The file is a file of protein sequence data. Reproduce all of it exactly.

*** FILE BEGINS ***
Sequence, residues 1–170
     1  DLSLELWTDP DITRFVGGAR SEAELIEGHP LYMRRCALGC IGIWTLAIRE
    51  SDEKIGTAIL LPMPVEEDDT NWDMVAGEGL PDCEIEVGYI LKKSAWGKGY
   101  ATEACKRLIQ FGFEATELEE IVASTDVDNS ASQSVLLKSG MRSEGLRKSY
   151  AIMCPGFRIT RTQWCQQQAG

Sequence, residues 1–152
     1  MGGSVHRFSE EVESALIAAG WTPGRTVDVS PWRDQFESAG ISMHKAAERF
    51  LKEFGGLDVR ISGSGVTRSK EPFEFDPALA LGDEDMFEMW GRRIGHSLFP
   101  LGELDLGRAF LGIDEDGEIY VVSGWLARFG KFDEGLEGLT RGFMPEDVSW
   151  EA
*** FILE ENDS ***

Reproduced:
Sequence, residues 1–170
     1  DLSLELWTDP DITRFVGGAR SEAELIEGHP LYMRRCALGC IGIWTLAIRE
    51  SDEKIGTAIL LPMPVEEDDT NWDMVAGEGL PDCEIEVGYI LKKSAWGKGY
   101  ATEACKRLIQ FGFEATELEE IVASTDVDNS ASQSVLLKSG MRSEGLRKSY
   151  AIMCPGFRIT RTQWCQQQAG

Sequence, residues 1–152
     1  MGGSVHRFSE EVESALIAAG WTPGRTVDVS PWRDQFESAG ISMHKAAERF
    51  LKEFGGLDVR ISGSGVTRSK EPFEFDPALA LGDEDMFEMW GRRIGHSLFP
   101  LGELDLGRAF LGIDEDGEIY VVSGWLARFG KFDEGLEGLT RGFMPEDVSW
   151  EA